Business news, Jan. 17

Published 9:45 am Wednesday, January 17, 2018

The Norton Center receives donation from Danville Pediatrics to recognize the service of Dr. Larry Scott


News release

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Danville Pediatrics has donated $5,000 to benefit the Norton Center Arts for the Classroom Ticket Subsidy (A.C.T.S.) program, which makes available free tickets to area school children to attend Norton Center student matinees. The gift was made in recognition of Dr. Larry Scott, and will provide 625 students from Danville Elementary schools free tickets to attend the matinee of Mr. Popper’s Penguins on March 5, 2018. 

Dr. Scott will retire from the practice this year.

“Danville Pediatrics is proud to recognize Dr. Larry Scott for his many accomplishments over his 42 year medical career,” remarked Joshua Wiglesworth, on behalf of Danville Pediatrics. “Dr. Scott is the physician who brought pediatrics to this area.   He has left an indelible mark on this community by helping to nurture and grow a health care system that has positively impacted the health of children throughout this region. Dr. Scott often shares a lesson with medical students and young physicians about being a pediatrician:   you can heal a few, help many and comfort all.  Many generations have felt the warmth of his comfort and compassion, and many future generations will benefit from the standard of care he has created.”

“The Danville Schools is grateful for the generosity of Danville Pediatrics,” said Superintendent Keith Look. “Their funding of A.C.T.S. arts experiences for our students is not only a monetary gift, but one of culture, exposure, and experience. These are often life-changing moments when students first see a character with whom they identify or follow a plotline that touches close to home. The connection to that which is presented on stage affirms their individual meaning and outlook, providing new lenses and tools to make sense of the work around them.”

As a recognized leader in the presentation of the arts, the Norton Center is uniquely positioned to provide the tools for students to explore their own education through the arts, as well as the tools for educators to better instruct arts learning in the classroom.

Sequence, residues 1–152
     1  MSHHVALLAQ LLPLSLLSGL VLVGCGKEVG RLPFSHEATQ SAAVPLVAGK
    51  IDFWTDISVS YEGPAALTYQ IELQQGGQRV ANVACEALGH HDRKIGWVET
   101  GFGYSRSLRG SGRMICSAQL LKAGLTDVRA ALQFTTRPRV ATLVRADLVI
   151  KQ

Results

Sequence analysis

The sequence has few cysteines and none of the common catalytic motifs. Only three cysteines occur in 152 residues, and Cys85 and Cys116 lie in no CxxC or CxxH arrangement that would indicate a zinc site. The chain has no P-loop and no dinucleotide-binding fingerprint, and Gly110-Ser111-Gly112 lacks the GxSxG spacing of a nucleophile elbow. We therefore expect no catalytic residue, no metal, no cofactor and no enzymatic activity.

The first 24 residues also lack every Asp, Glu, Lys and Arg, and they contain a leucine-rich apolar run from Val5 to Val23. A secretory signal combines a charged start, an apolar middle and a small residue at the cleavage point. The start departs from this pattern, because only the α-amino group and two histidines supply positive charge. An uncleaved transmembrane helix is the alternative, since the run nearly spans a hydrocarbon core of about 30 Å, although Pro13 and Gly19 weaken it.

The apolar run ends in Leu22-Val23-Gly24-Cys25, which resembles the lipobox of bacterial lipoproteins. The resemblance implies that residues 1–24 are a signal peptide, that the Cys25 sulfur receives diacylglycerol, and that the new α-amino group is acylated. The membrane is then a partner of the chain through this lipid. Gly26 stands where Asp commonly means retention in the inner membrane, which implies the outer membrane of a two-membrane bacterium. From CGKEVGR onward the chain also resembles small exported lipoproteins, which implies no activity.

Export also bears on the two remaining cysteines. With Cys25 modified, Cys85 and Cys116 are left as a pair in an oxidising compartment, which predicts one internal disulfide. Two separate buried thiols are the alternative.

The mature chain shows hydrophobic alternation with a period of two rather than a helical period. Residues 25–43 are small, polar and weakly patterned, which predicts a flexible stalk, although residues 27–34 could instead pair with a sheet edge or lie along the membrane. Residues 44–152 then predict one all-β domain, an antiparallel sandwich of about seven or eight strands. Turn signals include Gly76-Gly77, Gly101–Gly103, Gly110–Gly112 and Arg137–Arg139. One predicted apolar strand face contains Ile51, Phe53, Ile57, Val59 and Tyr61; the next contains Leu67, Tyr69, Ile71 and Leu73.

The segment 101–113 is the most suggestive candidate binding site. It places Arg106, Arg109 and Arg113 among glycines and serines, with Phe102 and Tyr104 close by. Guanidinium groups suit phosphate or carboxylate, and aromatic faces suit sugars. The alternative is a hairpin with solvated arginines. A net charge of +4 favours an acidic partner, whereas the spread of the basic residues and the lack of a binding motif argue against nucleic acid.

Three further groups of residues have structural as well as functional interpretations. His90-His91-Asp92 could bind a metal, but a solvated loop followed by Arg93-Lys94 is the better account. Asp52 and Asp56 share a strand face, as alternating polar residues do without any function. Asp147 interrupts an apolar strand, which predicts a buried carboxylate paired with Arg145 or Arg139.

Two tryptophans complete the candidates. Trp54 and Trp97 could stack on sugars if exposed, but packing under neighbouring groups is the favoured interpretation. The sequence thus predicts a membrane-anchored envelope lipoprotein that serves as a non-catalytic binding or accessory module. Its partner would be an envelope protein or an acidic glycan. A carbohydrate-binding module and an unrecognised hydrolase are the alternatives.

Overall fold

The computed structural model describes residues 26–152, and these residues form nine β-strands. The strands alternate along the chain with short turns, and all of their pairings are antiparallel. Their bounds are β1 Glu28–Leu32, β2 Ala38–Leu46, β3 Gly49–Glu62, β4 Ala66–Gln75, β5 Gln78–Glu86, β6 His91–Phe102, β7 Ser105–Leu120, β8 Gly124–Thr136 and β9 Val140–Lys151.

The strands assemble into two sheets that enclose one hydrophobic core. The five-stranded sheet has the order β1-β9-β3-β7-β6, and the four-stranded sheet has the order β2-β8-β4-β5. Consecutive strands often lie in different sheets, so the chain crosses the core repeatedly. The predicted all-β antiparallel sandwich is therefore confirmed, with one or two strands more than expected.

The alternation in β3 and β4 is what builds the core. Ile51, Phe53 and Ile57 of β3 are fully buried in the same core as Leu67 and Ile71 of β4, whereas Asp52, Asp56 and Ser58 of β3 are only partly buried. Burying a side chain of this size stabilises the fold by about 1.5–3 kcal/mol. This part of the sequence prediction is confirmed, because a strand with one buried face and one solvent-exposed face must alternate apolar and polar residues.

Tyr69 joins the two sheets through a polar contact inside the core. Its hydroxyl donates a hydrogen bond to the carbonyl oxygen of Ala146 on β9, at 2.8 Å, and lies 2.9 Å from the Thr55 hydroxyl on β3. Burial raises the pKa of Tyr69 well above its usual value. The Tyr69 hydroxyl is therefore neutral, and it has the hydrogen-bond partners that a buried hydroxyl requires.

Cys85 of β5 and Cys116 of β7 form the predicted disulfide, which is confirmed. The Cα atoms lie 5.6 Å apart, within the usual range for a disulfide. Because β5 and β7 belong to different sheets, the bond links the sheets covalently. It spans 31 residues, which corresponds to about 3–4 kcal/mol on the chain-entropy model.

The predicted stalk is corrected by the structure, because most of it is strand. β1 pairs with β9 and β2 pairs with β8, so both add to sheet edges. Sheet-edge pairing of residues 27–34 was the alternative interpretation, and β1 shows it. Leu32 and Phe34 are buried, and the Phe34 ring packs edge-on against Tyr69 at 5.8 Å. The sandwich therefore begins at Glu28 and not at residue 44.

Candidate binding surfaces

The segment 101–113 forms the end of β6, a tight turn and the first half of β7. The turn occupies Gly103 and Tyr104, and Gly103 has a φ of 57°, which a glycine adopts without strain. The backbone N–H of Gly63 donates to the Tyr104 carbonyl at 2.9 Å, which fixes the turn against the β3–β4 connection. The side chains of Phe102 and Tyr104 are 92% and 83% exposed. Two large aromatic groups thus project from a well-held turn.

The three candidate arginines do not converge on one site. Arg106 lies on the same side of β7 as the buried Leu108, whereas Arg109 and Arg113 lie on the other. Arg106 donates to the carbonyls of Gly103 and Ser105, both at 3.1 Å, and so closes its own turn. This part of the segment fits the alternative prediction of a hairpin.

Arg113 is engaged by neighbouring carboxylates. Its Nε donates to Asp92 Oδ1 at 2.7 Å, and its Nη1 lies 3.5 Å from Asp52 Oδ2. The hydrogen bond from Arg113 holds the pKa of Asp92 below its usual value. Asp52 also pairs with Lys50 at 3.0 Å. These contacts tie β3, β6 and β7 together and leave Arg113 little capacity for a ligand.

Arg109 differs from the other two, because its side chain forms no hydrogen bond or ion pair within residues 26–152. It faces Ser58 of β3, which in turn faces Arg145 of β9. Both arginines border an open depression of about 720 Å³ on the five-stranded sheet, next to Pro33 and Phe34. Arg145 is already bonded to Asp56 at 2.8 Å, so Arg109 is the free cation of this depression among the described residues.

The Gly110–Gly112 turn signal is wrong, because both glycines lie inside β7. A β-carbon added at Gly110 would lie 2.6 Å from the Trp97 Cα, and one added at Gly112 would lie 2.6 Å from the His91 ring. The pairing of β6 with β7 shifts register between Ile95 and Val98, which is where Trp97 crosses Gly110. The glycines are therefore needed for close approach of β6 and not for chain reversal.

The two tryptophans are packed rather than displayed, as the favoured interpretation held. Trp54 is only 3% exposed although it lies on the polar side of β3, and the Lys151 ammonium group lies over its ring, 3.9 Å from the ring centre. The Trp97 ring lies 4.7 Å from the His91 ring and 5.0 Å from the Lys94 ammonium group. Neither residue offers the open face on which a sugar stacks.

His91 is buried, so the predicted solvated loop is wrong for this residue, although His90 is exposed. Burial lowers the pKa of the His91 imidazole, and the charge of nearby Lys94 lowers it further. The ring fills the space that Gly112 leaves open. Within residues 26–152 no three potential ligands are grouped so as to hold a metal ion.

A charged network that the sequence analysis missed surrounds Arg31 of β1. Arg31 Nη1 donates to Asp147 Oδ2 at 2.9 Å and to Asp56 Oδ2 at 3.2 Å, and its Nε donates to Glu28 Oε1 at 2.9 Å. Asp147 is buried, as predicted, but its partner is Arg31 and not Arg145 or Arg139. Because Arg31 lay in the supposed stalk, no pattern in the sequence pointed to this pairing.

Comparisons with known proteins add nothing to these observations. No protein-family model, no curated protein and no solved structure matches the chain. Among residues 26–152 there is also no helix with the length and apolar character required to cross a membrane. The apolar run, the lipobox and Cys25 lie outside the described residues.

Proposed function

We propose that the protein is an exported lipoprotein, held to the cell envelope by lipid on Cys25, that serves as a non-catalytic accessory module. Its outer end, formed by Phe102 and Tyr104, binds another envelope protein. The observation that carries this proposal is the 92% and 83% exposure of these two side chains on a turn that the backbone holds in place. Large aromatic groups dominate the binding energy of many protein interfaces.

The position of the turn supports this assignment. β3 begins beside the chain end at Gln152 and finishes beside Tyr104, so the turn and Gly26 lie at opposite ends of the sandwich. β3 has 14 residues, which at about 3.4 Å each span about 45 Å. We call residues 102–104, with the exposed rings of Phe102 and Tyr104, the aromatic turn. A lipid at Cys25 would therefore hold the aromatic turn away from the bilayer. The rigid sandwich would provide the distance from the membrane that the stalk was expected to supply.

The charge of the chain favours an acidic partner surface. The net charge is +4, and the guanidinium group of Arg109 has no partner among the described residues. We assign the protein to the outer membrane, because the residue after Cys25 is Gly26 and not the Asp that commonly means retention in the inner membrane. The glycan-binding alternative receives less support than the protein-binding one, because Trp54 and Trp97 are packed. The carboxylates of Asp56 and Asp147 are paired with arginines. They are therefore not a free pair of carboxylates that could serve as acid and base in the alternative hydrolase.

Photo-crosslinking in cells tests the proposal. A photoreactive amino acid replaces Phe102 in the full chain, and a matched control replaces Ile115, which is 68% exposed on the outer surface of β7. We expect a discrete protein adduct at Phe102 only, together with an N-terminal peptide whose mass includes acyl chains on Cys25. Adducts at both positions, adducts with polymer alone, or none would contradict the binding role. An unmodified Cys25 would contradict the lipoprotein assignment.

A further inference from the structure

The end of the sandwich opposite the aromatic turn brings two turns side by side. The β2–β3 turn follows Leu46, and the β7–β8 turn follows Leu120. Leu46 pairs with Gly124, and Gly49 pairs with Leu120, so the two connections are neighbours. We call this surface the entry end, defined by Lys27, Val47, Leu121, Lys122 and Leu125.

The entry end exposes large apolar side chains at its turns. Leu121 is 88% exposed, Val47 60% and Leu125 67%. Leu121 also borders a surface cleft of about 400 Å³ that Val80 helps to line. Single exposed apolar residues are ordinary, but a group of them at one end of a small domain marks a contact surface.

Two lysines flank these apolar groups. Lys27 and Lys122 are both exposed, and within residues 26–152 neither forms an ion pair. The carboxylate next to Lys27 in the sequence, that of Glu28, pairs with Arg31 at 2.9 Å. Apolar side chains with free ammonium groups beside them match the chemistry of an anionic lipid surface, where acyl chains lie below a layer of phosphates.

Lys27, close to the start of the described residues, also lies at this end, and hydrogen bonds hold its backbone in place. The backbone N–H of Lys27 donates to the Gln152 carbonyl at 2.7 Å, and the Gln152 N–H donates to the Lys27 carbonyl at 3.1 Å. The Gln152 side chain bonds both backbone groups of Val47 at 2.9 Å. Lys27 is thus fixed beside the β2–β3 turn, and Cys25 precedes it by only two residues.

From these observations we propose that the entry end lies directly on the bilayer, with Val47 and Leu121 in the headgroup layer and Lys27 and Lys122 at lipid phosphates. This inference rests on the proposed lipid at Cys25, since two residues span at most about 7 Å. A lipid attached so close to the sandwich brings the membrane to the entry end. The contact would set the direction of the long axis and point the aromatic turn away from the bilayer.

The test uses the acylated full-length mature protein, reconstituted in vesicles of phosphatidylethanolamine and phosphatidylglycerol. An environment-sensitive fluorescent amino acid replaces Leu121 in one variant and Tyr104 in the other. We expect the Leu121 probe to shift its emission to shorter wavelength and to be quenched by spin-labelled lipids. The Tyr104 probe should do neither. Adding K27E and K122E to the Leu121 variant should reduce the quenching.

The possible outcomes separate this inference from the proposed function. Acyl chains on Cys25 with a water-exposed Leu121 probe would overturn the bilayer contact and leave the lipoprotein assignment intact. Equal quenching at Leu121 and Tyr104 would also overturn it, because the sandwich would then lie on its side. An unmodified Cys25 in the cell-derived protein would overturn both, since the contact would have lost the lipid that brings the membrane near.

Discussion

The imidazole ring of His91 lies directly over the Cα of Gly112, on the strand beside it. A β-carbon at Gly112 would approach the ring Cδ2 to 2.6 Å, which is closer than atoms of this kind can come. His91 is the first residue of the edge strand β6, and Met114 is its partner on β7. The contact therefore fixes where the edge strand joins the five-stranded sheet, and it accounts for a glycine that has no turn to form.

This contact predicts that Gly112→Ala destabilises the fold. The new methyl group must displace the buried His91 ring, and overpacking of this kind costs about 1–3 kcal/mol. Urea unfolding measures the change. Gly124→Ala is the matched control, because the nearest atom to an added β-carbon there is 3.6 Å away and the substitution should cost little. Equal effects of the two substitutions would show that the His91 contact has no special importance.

The Norton Center views education as vital to its mission and believes increased arts education is fundamental to success in the classroom On average, over 70 percent of Kentucky public school students participate in free & reduced lunch. In some counties, including those surrounding Danville and the Norton Center, that number jumps to over 90 percent. 

Recognizing the need to increase access but decrease cost for local families and schools, the Norton Center A.C.T.S. program was born. Since 2012, nearly 9,000 regional students have had access to free arts experiences through the A.C.T.S. program. Through personal donations, corporate sponsorships, and community support, A.C.T.S. helps to maximize attendance and provide access to these crucial life-enhancing experiences for Kentucky youth by greatly reducing financial barriers.

Complete information on the Norton Center Student Matinee Series and the A.C.T.S. program can be found online at

Rotary Report

The Need for Creativity & Innovation in Our Rapidly Changing World


Danville Rotary

Dr. John Roush, the 20th president of Centre College, spoke at Rotary’s Jan. 12.  His address focused on Centre’s carefully crafted approach to preparing their students for a bright future in a technology-driven environment of unprecedented change.  He began his presentation by citing several examples of the degree to which technology is impacting our social and economic environment: Uber, the world’s largest taxi company owns no vehicles; Airbnb, the world’s largest hospitality company, owns no real estate; Facebook, the world’s most popular media provider, creates no content; Alibaba, the world’s most valuable retailer has no inventory.